A round up of all the ideas, thinking and insights from IGL's Winter Research Meeting in December 2018.
What is the best way to support SMEs to adopt Artificial Intelligence technologies? Which nudges encourage employees to develop new ideas within their organisations? Can algorithms improve labour matching platforms? In the 21st century, policymakers face tough challenges but they also count with a new set of tools, from digital to behavioural, to tackle them. However, it’s important to test new ideas and gather enough evidence to support policymakers to make more informed decisions.
Questions like these were addressed at the Innovation Growth Lab (IGL) Winter Research Meeting that took place on Thursday, 13 December 2018 at Nesta, in London. The day was packed with six presentations and discussions of design-stage, ongoing and completed randomised controlled trials (RCTs), some funded by the IGL Grants Programme, which covered the innovation, entrepreneurship and business growth fields.
The six experiments presented covered a wide range of sectors and geographic areas, as well as the use of different experimental tools, from nudges to new management practices in decision making. The research meeting is a forum to discuss academic research that uses experimental methods to improve our understanding of the drivers of innovation, entrepreneurship and growth, and potential interventions to accelerate these.
The IGL Winter Research Meeting was supported by inspiring discussants from highly experienced and prestigious organisations in the field of policy experimentation, including the World Bank and the Behavioural Insights Team.
The main questions presented and discussed during the IGL Winter Research Meeting were:
All these trials and other projects discussed informally during the meeting provided an excellent overview of new pieces of evidence that are produced in nascent areas, such as organisational behaviour. Ongoing trials benefited enormously from the feedback received from discussants, such as suggestions for innovative ways to assess the adoption of technology by using web scraping.
Anna Valero from the London School of Economics commented, “presenting our proposed project at the IGL Winter Research Meeting gave me the opportunity to gain valuable feedback from experts in the field, which we will now build upon as we take our work forward.”
The meeting also provided clear examples of the challenges of designing successful trials. For instance, Nicolai Heinzelmann from the IST Institute revealed how their trial suffered some difficulties that affected assessment of their results. This provided a very useful opportunity to discuss how researchers could work better with delivery partners or reduce non-compliance or low response rates.
For those wanting to know more about the lessons learned, IGL Principal Researcher Triin Edovald’s blogpost outlines five key takeaways from the Winter Research Meeting.
“It was also incredibly useful to hear about other projects and meet a network of researchers working on RCTs in different contexts. I highly recommend participating in future IGL events”Anna Valero
On Wednesday, 12 December 2018, ahead of the IGL Winter Research Meeting, IGL organised a workshop for PhD students. Researchers received an overview by the IGL team on how field experiments are being used in the fields of innovation, entrepreneurship and growth.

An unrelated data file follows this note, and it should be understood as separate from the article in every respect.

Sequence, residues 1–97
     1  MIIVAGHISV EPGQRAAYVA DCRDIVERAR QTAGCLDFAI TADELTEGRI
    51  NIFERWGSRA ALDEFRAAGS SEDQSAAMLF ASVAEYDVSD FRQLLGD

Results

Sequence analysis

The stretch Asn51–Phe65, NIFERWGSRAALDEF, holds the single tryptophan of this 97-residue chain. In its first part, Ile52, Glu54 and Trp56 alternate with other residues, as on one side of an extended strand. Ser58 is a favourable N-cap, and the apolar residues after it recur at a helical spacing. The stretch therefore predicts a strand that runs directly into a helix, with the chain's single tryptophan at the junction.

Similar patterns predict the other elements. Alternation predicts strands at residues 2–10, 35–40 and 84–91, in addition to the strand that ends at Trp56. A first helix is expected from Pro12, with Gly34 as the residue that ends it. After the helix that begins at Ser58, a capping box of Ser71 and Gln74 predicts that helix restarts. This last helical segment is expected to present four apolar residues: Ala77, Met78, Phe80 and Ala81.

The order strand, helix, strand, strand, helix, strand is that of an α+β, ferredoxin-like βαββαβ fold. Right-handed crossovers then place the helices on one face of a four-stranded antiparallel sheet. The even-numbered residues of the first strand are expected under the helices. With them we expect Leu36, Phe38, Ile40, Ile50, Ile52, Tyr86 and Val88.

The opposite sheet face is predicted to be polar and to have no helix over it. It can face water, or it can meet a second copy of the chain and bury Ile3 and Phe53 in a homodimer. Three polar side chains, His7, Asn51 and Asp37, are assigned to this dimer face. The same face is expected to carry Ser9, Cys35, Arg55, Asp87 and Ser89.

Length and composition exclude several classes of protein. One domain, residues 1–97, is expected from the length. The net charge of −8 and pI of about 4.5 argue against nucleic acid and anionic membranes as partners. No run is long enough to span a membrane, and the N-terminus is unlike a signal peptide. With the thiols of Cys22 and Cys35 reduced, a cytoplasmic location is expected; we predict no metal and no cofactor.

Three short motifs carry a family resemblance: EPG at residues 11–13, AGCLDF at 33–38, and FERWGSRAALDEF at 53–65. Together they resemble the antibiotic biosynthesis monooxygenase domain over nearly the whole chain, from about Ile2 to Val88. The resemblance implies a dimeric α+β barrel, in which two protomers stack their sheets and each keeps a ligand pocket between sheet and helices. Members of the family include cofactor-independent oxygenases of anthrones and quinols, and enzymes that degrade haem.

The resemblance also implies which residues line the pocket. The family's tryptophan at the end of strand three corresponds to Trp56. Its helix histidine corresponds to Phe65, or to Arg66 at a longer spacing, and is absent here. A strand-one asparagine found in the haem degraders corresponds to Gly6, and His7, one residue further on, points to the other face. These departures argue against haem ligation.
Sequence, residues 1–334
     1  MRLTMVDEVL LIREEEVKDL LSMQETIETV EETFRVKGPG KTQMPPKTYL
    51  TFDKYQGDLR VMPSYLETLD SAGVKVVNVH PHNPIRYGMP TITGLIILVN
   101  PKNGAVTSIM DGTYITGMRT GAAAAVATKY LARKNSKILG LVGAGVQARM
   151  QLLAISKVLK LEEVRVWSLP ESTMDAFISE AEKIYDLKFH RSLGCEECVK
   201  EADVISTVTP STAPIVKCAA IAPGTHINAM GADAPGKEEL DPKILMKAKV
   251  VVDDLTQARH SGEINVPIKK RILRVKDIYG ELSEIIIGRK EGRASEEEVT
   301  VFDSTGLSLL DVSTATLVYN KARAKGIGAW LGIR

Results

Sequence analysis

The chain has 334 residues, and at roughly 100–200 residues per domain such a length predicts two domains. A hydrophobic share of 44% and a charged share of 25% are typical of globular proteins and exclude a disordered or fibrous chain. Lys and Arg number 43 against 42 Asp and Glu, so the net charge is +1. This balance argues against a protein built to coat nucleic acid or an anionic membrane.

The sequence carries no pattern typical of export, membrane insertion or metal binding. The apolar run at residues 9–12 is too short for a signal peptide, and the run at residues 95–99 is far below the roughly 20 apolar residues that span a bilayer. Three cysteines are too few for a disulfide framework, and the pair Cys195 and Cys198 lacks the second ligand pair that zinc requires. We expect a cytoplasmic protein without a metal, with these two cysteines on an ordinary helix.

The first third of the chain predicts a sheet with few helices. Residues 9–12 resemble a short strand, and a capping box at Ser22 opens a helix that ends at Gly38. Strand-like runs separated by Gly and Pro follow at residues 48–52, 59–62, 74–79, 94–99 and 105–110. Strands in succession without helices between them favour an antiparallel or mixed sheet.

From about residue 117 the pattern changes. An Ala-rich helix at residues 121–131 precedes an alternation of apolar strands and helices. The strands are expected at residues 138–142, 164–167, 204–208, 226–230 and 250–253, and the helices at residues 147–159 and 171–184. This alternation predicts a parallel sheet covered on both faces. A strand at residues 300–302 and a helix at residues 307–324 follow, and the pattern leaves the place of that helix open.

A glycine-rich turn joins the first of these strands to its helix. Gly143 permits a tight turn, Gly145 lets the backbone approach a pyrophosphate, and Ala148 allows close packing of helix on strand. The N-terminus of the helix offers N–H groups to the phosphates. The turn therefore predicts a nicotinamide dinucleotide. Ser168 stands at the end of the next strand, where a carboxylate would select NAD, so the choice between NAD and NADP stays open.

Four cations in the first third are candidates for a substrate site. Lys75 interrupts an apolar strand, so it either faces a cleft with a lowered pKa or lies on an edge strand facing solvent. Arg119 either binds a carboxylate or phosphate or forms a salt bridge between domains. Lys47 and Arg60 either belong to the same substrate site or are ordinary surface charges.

IGL’s Director Albert Bravo-Biosca presented a series of examples that framed the rest of the day and highlighted how RCTs can be an efficient tool, to not only assess the impact of a particular programme but also to explain individual behaviour. For instance, some trials have successfully improved the collaboration among researchers by using simple nudges, such as the Harvard Medical School’s work with biomedical researchers. The students were also provided with a few pressing challenges policymakers face, as well as basic insights on designing field experiments, which they later used to develop trial ideas based for their own research.
The PhD students had the exclusive opportunity to present their trial proposals to representatives from the UK government, the Norwegian government and the World Bank. The dialogue with policymakers provided very valuable insights on how to improve the quality and impact of their research.
To end the day, David McKenzie, Lead Economist in the Development Research Group at the World Bank and author of the world-renowned Development Impact Blog, provided a keynote about the practical issues of doing field experiments. The session covered how to persuade policymakers to experiment, how to implement programme logistics properly, the best ways to adequately measure firm outcomes, and how to choose the right time frame to measure impacts. Some of his ideas were also mentioned during the Research Meeting, for example the implications of the rule of inverse-square for programmes with low take-up.
The IGL Winter Research Meeting was an excellent opportunity for researchers and policymakers to be more experimental, learn from each other and strengthen ties in the innovation and growth sector.
Later this year, IGL will organise the IGL2019 Global Conference 21-23 May in Berlin, Germany. Don’t miss this opportunity to join the conference and discuss new trials that are shaping the way we think about innovation, entrepreneurship and growth.